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No warrantless arrests — DOJ

JUSTICE Secretary Menardo Guevarra has allayed fears of warrantless arrests following the Anti-Terrorism Council’s designation of the Communist Party of the Philippines, and its armed wing New People’s Army, as terror groups.

In a message, Guevarra pointed out that the effect of the designation was only to allow the Anti-Money Laundering Council (AMLC) to freeze related accounts (RA), which have been opened and maintained for the CPP-NPA.

“Detention without a judicial warrant of arrest may happen only in case the suspected person has committed, is actually committing, or is attempting to commit any of the acts defined and penalized under Sections 4-12 of the ATA (Anti-Terrorism Act of 2020) in the presence of the arresting officer, or when the arresting officer has probable cause, based on his personal knowledge, that the suspect was the perpetrator of any such punishable acts which has just been committed, ” Guevarra said.

The ATC recently designated the CPP/ NPA as a terror organization.

Makati City Pabakuna

The ATC said in a resolution dated December 9 but only published on its website on December 21: “The ATC (Anti-Terrorism Council)…finds probable cause that the CPP/NPA committed or conspired to commit the acts defined and penalized under Section 4 of the Anti-Terror Act and hereby designates the CPP/NPA as terrorist organizations, associations or groups of persons.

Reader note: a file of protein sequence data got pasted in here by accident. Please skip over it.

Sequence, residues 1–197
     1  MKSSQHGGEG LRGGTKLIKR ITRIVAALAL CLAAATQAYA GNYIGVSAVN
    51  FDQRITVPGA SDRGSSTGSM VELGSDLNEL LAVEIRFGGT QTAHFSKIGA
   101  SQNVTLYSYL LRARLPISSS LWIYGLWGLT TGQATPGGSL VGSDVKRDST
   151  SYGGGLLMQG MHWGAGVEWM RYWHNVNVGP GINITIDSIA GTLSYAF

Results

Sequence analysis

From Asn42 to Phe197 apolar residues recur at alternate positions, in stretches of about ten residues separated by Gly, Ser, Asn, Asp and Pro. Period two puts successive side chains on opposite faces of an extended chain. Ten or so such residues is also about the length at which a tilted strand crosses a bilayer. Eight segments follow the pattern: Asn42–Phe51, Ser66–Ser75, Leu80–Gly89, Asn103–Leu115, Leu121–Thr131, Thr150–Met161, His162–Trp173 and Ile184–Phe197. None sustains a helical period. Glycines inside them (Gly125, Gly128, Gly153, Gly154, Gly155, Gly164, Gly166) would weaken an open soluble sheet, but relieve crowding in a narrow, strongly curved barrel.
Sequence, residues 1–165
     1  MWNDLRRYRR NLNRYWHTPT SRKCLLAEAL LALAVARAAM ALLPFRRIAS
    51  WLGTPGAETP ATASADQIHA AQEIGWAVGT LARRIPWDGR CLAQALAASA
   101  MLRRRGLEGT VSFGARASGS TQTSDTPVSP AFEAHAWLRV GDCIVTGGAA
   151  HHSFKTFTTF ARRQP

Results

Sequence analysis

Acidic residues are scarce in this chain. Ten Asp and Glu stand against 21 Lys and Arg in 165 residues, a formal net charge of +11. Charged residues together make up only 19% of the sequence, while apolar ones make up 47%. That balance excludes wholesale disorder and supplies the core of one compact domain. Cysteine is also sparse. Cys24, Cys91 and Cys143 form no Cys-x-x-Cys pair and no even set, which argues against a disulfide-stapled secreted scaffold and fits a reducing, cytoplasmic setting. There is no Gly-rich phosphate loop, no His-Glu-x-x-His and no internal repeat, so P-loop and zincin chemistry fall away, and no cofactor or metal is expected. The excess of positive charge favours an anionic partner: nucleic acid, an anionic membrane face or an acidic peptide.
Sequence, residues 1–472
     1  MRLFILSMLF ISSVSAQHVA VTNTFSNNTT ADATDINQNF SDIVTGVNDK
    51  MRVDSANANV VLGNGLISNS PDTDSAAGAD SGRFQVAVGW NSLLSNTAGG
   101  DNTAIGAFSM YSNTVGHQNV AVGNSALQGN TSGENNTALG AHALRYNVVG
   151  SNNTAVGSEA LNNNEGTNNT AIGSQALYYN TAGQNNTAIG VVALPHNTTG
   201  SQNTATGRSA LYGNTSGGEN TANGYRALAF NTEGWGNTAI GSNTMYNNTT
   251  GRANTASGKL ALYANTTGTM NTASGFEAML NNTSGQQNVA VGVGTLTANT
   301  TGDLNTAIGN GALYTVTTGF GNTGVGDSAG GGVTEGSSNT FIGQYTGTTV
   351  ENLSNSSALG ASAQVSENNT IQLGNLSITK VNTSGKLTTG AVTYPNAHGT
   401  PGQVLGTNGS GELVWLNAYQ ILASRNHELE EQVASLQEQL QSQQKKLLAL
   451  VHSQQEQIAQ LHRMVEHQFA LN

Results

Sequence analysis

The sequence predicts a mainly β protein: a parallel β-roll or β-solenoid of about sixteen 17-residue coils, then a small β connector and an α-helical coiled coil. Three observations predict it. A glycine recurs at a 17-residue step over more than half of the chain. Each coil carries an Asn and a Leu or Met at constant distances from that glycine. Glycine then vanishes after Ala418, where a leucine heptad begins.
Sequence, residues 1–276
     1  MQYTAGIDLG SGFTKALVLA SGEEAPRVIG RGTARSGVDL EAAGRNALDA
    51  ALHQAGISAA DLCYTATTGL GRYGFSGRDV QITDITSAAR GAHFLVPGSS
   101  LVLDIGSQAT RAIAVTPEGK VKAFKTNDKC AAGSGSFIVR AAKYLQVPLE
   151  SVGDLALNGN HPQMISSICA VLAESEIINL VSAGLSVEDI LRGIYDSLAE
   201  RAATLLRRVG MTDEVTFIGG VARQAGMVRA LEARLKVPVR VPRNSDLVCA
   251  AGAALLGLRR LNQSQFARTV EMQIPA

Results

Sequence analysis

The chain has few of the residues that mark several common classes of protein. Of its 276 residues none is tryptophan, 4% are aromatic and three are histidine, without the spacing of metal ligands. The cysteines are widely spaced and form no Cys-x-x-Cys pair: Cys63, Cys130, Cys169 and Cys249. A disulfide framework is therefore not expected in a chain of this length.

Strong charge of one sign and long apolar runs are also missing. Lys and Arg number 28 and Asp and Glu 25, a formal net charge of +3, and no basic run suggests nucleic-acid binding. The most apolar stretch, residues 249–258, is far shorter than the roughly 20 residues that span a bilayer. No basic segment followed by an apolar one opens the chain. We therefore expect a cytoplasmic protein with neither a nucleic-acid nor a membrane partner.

Sections 35 and 36 of Republic Act No. 11479, or the Anti-Terrorism Act of 2020, has authorized the AMLC to scrutinize the finances of organizations or groups of individuals that the ATC had labeled as terrorists.

Under the law, the AMLC could issue a 20-day freeze order on the assets of these groups and extend this to another six months upon the approval of the Court of Appeals.

The AMLC may also exercise its authority to examine the accounts related to the CPP-NPA under Republic Act No. 10168, also known as the Terrorism Financing Prevention and Suppression Act of 2012.

Publication Source :    People's Tonight
Hector Lawas
Court reporter for more than 20 years